Permira makes first Japanese acquisition

European supremo Permira has cemented its expansion outside of Europe with its first Japanese acquisition.

The pan-European private equity group has acquired agri-chemicals group Arysta for €1.55bn, two years after opening an office in Tokyo.

“We see Japan as an interesting emerging private equity market,” said Chris Davison, a spokesman for Permira Advisors. He explained that more investment opportunities could emerge as the country’s traditional conglomerates begin to shed non-core businesses.

Japanese companies are increasingly adopting Western style practices on corporate governance and more groups are focusing on enhancing shareholder returns. Also, cross-shareholdings between groups are being unwound, making it easier to bid for Japanese companies.

Takeovers of Japanese companies by foreigners so far this year are valued at about US$28bn, triple last year’s figure. The country has more than over 6,000 stock market listed companies, many of which are undervalued, according to analysts.

In anticipation of these changes and an improving economic climate, most of the big private equity players have established offices in the country.

Japan has come a long way in its attitudes towards private equity since Ripplewood bought Long-Term Credit Bank of Japan in 1999. However, deal flow is likely to remain slow for a while as Japan’s corporate culture is still in the process of transformation.

Although Japan has seen plenty of M&A activity in recent years, private equity accounts for just 8% of deals, compared with a global average of 25%. Analysts said there was still some resistance to the idea of purely financial groups buying non-financial companies.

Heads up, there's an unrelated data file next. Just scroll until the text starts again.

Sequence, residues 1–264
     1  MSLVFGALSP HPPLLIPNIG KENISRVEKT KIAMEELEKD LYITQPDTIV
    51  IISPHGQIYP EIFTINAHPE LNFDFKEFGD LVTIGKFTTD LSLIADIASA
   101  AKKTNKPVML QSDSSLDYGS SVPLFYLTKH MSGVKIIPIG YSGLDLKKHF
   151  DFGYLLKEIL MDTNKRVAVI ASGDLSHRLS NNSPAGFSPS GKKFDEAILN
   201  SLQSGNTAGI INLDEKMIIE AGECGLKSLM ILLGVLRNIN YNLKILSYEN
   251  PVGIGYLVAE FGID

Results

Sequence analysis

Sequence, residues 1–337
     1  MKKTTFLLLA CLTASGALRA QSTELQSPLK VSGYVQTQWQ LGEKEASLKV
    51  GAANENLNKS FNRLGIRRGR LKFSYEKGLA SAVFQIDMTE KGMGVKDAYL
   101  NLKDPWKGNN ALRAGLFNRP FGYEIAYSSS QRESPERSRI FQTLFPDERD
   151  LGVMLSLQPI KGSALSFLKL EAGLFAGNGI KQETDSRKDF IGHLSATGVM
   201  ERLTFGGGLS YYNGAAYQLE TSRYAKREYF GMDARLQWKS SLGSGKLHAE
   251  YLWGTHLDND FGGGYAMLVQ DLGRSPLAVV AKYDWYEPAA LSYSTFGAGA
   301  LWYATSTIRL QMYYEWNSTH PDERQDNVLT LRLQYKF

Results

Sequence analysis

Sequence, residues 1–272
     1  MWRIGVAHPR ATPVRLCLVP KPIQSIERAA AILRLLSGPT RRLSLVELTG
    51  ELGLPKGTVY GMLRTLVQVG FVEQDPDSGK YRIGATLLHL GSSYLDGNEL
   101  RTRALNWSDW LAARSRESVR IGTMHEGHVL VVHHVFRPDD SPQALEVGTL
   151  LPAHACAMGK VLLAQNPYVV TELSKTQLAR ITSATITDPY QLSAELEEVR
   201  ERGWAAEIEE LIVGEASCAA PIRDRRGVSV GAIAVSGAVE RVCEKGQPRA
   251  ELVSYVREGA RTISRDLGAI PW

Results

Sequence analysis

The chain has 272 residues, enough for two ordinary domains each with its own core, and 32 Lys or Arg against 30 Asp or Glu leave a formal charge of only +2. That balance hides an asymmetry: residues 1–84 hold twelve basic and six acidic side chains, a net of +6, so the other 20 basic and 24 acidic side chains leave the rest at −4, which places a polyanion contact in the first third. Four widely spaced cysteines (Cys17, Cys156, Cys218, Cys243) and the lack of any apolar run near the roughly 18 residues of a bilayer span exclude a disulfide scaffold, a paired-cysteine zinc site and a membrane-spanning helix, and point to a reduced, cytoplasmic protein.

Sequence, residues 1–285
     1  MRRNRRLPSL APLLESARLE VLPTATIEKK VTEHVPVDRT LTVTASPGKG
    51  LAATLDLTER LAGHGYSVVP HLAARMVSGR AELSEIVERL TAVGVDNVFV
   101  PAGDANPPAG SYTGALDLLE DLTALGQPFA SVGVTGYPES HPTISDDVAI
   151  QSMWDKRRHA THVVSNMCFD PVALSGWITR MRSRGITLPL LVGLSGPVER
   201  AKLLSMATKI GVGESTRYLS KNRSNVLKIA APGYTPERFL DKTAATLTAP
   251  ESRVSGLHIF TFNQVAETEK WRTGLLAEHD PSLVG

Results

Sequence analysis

Meanwhile, the emergence of domestic private equity firms and strategic buyers is providing plenty of competition for any assets that do come to market.

The purchase of Arysta, which is the world’s 10th largest agri-chemicals group, is also the largest buyout deal in Japan so far this year.

Permira apparently saw off rivals Bain Capital and Advantage Partners in its quest to bag Arysta. The group is being sold by another private equity concern, Olympus Capital.

“We like Arysta because it is a complex business – it’s just the kind of deal we like,” explained Davison. “It sells 125 products in over 100 countries.”

He added that the company had excellent growth prospects and could at a later stage play a role in the ongoing consolidation of the agri-chemical sector.

Specialist private equity investor, SVG Capital, which is being advised by Permira, will invest US$262m in the Arysta deal.

The deal is Permira’s second Asian acquisition. The first took place on October 11 and involved the purchase of 20% of Galaxy Entertainment, one of Macau’s licensed casino operators.

Justin Pugsley